When I was a kid the Fourth of July was summer perfected, a day devoid of household chores where my family and I moved from one party to the next, and ending in the mother of all parties (relative to my short life). Consequently one of the worst days of the year was July 5th. It should have been summer at apogee—the smell of sulphur hung in the damp morning air and the shells of dazzling light littered neighbors’ lawns. Yet I always felt a sadness. In my head, summer was all downhill.
Today, July 5th has been replaced by the Tuesday following the finish of the Tour de France. That Monday has always been a day of processing, reading follow-up stories, post-race interviews and looking at photos. Even in the 1980s when I was a shop rat, that Monday was the last coverage of the Tour de France in the New York Times. I’d pick up a copy on my way to work at the shop and I’d be joined by the other wrenches as we poured over the list of results.
And so Tuesday has traditionally been the day where the absence sinks in. No online coverage, no live updates, no TV, and the only fresh news possible is a non-negative result—the last thing in the world I want from the Tour.
But honestly, how often could I have taken another week of the Tour de France? The combination of online and TV coverage takes over my life, short-circuiting my ability to have even the most important conversations.
“What are we going to name the baby?”
“I don’t know; can we talk about it during the commercials?”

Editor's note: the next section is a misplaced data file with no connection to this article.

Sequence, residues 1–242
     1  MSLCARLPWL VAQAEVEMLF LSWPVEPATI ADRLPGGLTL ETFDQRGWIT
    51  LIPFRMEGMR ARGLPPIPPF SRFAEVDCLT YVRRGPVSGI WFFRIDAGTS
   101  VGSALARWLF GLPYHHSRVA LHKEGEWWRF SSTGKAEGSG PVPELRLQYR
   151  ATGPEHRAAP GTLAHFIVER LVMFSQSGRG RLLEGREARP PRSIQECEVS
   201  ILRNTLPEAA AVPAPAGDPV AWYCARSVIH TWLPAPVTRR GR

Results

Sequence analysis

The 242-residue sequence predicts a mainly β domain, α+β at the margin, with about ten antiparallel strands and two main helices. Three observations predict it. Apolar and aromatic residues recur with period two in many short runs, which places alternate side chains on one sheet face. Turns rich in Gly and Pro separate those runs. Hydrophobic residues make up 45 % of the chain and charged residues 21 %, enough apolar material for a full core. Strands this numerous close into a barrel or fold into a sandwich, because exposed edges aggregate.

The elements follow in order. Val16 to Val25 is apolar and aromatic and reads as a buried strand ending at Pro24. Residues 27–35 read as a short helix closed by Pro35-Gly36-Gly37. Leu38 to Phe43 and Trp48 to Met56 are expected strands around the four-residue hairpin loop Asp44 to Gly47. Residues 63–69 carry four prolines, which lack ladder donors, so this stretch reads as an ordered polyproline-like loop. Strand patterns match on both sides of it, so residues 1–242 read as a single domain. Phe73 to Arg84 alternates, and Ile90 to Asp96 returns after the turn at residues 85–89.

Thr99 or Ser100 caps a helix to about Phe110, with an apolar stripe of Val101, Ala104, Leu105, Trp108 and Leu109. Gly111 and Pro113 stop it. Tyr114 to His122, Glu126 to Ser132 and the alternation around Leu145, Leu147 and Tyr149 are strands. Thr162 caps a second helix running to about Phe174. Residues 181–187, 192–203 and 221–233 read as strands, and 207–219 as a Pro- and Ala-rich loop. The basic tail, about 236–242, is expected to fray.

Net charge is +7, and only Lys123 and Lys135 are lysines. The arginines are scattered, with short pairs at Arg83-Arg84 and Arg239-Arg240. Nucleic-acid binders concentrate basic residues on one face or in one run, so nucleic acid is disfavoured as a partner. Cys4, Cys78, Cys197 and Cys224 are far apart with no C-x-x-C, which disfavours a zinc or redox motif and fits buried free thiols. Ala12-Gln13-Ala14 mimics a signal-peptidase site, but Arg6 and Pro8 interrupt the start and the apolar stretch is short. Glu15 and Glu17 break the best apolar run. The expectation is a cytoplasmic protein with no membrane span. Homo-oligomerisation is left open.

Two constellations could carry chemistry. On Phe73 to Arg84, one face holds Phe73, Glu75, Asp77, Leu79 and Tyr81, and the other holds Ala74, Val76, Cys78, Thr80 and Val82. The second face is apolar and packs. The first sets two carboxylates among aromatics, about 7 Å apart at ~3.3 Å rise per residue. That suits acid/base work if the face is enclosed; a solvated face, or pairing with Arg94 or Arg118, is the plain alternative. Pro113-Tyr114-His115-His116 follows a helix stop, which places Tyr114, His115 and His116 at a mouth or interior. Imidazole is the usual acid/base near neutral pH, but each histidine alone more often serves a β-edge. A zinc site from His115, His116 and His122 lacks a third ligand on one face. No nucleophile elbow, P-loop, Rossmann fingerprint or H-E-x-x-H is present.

Kidding, but almost not. During the ’89 Tour I dreamt about the race three different times. In one, Laurent Fignon and I were teammates and worked for the same shop; we’d race in the morning and fix bikes in the afternoon.
It took me more than 20 years of following the Tour de France to realize that each year, no matter how entertaining the race is (and with the exception of ’94 and ’95 it is always very entertaining) I need it to end. I can’t spend 365 days a year the way I spend July. It’s the party that, while not yet over, you pull yourself from, knowing that there’s a ride in the morning and to stay to the bitter end will involve a conversation with the cops.
Even in this age of parting shots and counter shots, though the race may wind down later than usual, it does conclude in our hearts. Thank heaven; now I won’t cut the visit with friends at the coffee shop short. And that’s the embarrassing part: We might joke about going through withdrawal, but for those of us who come under the race’s sway the way a werewolf does with the moon, we’re different people, short-circuited in a way that only a junkie could identify.
But now that we’ve got our wits about us once again, bring on the Vuelta!
Image: John Pierce: Photosport International